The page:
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Thor (2011)


These days, movies based on comic book properties fall into one of three categories: the origin story, the sequel, or the reboot of a previously existing franchise.

Kenneth Branagh’s Thor, a handsomely mounted and sufficiently majestic introduction to Marvel Comics’ God of Thunder, belongs in the first slot but comes with a caveat that bears mentioning. For while Branagh’s picture dutifully lays out the mythological backstory of Odin’s arrogant, hammer-wielding son, Thor also serves as yet another appetizer one must consume before bellying up to the superhero smorgasbord that will be Joss Whedon’s The Avengers, and this “placeholder” status applied to Thor is both a blessing and a curse.

First, some explanation, as Thor — unlike his mighty Marvel counterparts Spider-Man or Hulk — isn’t exactly a household name to non-comic fans looking for a good time at the movies.

Created in 1962 by Marvel Comics giants Stan Lee, Larry Lieber, and Jack Kirby, Thor plants its roots in both Norse mythology and the tragedies of William Shakespeare. In this particular telling, Odin (Anthony Hopkins), ruler of the celestial realm of Asgard, debates which of his sons would make a worthy successor to his throne: cocky warrior Thor (Chris Hemsworth) or quiet, deceitful Loki (Tom Hiddleston). Yet when Thor’s foolish act of rebellion brings war with the Frost Giants to Asgard’s doorstep, Odin deems his first-born child unworthy and casts him out their realm completely stripped of his power.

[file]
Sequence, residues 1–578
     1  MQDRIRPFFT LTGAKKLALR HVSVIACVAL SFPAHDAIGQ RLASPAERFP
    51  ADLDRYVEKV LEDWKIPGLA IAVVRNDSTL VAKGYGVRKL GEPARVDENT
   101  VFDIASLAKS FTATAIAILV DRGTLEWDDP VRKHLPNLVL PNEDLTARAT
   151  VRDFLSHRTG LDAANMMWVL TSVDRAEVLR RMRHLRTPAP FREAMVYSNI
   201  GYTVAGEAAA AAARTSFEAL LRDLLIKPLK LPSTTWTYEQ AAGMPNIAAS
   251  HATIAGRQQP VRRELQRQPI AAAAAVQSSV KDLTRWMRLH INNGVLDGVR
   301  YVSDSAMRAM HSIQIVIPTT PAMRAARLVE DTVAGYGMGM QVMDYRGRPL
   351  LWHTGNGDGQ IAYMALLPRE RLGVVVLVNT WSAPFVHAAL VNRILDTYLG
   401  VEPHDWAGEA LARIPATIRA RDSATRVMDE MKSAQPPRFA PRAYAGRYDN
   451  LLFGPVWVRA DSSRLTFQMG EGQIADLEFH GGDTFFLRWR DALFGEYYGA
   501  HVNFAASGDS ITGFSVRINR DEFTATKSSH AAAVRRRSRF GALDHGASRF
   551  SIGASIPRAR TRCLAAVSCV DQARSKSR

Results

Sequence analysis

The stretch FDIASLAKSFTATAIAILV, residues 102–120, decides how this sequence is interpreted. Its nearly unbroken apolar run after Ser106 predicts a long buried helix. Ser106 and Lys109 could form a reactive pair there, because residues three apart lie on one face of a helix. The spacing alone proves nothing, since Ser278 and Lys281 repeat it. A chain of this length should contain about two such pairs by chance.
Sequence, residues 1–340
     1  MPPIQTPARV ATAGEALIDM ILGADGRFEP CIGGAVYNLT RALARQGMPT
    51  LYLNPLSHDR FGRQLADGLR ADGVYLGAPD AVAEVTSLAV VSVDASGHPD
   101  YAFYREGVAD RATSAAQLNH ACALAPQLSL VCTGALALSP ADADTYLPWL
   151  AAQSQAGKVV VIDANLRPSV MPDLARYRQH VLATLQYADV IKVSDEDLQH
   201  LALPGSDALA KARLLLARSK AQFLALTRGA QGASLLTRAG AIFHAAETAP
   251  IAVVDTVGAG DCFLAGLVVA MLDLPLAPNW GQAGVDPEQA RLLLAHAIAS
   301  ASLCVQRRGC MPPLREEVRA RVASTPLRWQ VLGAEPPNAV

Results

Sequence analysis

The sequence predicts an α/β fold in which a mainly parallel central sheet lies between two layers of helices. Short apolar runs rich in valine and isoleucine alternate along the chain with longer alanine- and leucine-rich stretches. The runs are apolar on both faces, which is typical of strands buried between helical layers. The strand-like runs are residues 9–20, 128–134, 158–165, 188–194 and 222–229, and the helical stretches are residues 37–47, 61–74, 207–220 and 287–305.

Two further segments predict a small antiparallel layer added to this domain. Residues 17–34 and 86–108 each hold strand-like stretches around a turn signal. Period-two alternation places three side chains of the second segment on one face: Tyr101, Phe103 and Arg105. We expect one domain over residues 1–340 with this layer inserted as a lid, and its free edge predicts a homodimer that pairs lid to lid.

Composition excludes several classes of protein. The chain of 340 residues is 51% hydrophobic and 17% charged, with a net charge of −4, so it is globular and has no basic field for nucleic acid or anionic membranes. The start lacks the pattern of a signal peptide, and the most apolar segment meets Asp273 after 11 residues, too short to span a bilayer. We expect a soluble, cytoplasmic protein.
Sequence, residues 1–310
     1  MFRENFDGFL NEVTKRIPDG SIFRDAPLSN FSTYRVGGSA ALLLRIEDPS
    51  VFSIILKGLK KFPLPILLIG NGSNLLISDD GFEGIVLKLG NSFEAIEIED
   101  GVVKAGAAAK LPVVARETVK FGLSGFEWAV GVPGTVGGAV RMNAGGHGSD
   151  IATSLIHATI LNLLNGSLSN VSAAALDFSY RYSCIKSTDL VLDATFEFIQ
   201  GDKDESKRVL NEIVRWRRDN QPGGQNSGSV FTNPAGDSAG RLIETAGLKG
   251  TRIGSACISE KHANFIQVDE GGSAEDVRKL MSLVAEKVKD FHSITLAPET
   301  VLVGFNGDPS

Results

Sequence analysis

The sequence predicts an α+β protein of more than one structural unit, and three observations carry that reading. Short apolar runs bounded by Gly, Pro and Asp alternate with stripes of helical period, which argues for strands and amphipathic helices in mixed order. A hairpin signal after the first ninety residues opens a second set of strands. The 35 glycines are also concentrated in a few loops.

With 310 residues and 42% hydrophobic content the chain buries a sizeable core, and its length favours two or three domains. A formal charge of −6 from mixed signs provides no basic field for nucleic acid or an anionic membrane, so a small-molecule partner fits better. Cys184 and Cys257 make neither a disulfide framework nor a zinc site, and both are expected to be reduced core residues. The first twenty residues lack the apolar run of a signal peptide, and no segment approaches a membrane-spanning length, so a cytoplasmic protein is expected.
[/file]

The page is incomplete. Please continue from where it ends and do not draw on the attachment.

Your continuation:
Thor, on the other had, isn’t stripped of much. Though Branagh follows this chiseled god to Earth, where he encounters human love interest Jane Foster (Natalie Portman) and her “Scooby Gang” band of weather-tracking scientists, Thor fluidly switches from the high fantasy of Asgard (it looks like a heavy metal album cover from the 1980s … a compliment) to the vast expanses of the New Mexico deserts where our hero crash lands. Branagh knows how and where to spend his budget, surrounding his well-cast actors with impressive visual effects that do the God of Thunder justice. His sound design is Oscar worthy — listen to Thor’s hammer or Odin’s staff when either character places them down on the ground — and Patrick Doyle’s score swells as the action expands to blockbuster proportions.

Just don’t expect Thor to be as much fun as, say, Iron Man or Spider-Man because the character, as imagined by Lee and Kirby, always came across as honorable and serious in all of the places that his fellow heroes were flippant and sarcastic. 

Hemsworth understands how to play Thor, a character who flies in the face of everything we’ve come to know about superheroes. Instead of hiding his identity, Thor screams his name to the heavens and expects you to remember it. He primarily fights for his own pride, learning late in the game that his powers can be used to assist others. It no doubt will be interesting to see how Thor’s personality gels with the attention-craving Tony Stark (Robert Downey Jr.) or the patriotic do-gooder Captain America (Chris Evans) once he joins The Avengers in Marvel’s planned 2012 production.

But that anticipation kind of robs Thor of its presence, giving it a larger purpose it can’t quite escape. By the end of the film, I felt like Thor did its job, and did it well. But instead of satisfying as its own standalone adventure, it felt like necessary prep work for a bigger party we know we are going to be invited to yet aren’t allowed to walk into just yet.